Public Policy Institute of California

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Eroding Trust in Government Among Young Voters

Editor’s note: This story is part of an intermittent series. The Public Policy Institute of California is conducting small focus groups across the state to discuss the role of government, and KQED was invited to listen in. First names only were used to encourage candid conversation.

By Ana Tintocalis

(R. Michael Stuckey: Comstock Images)

20-somethings say they support November propositions that will fund education, but still lack confidence in government. (R. Michael Stuckey: Comstock Images)

A group of Millennials — young people aged 18 to 29 — are gathered around a conference table in a nondescript office building in Silicon Valley.

In just a few minutes, they will be answering some pointed political questions as part of a researched-based focus group organized by the Public Policy Institute of California — a nonprofit, nonpartisan think tank. The PPIC conducts public opinion polling, but they’re also holding smaller conversations to gauge more detailed opinions from Californians this election year.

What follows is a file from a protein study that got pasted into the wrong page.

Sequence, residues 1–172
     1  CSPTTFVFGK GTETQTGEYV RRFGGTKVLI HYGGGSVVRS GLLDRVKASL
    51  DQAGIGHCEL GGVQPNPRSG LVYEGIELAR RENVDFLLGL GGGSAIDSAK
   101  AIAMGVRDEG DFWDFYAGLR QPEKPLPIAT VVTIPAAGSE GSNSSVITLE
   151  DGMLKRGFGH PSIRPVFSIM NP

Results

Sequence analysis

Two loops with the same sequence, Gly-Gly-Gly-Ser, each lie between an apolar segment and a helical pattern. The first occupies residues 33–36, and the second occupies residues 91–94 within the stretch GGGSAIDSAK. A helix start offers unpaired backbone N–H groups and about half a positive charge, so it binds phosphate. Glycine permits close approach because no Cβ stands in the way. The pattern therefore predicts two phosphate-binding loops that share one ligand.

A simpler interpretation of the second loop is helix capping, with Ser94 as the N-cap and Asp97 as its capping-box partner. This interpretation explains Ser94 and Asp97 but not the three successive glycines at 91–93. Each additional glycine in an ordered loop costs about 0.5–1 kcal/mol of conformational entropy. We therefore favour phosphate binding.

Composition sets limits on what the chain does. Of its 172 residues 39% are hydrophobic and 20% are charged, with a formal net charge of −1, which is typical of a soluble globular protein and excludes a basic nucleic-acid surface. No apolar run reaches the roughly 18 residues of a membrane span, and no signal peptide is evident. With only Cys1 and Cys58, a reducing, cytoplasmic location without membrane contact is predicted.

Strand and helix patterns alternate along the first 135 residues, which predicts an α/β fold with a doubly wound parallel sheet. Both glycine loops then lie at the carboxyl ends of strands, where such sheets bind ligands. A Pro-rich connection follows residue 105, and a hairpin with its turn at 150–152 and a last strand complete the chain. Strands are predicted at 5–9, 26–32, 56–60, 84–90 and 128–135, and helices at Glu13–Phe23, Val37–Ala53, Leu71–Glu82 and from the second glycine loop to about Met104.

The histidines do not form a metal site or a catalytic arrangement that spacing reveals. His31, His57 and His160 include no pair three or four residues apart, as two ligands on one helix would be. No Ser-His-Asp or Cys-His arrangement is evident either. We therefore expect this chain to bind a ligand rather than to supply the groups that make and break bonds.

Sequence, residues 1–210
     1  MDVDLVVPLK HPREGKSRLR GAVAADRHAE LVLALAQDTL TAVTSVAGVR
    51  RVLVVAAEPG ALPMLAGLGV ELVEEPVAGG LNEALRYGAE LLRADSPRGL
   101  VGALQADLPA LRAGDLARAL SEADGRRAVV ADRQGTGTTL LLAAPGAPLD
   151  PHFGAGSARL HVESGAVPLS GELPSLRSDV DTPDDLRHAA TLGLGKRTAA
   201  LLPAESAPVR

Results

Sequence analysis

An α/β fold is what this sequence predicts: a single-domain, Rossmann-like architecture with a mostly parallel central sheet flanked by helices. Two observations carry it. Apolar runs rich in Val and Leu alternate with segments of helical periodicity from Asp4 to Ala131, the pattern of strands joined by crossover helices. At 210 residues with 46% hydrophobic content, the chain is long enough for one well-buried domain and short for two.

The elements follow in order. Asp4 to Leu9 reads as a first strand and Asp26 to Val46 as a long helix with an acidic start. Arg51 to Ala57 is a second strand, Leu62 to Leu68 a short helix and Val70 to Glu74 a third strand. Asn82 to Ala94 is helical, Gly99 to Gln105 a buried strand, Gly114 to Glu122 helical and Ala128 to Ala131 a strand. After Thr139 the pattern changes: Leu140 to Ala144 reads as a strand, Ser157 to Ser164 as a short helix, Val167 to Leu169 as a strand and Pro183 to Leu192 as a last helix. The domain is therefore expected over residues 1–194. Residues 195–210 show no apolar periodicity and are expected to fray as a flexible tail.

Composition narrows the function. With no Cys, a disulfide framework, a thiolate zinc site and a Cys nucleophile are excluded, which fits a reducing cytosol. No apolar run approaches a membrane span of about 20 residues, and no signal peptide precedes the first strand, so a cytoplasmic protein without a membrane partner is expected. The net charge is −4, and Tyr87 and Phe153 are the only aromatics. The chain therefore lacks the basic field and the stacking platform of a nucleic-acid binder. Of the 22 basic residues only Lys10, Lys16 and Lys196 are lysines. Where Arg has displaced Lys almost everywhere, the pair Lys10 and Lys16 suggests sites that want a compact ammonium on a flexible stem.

On this night participants come from all walks of life — from a teenage grocery store clerk to an engineer at Cisco. Some are Democrats, some are Republicans, and others don’t belong to any party.

But as a group, they are not excited about how the U.S. is doing. “Uneasy,” one person said. “Worried and scared,” was the take of somebody else.

‘Our taxes are going to jails for the inmates to live somewhat well versus [going to] education. When you turn around and graduate, you don’t have a job to go to.’

These 20-somethings are anxious about their prospects for the future and are especially worried about finding a good job in a still-struggling economy.

It’s a far cry from four years ago, when the promise of hope and change bolstered the expectations of young people across the country.

“Government is unproductive. They’re large, they’re bulky, and it’s top heavy. And it shouldn’t be that way,” said Yukata, a young Republican who received his master’s degree at U.C. Davis. “When you look at government, you think of greed. That’s not how our founders wanted the government to be. They wanted our government to be small.”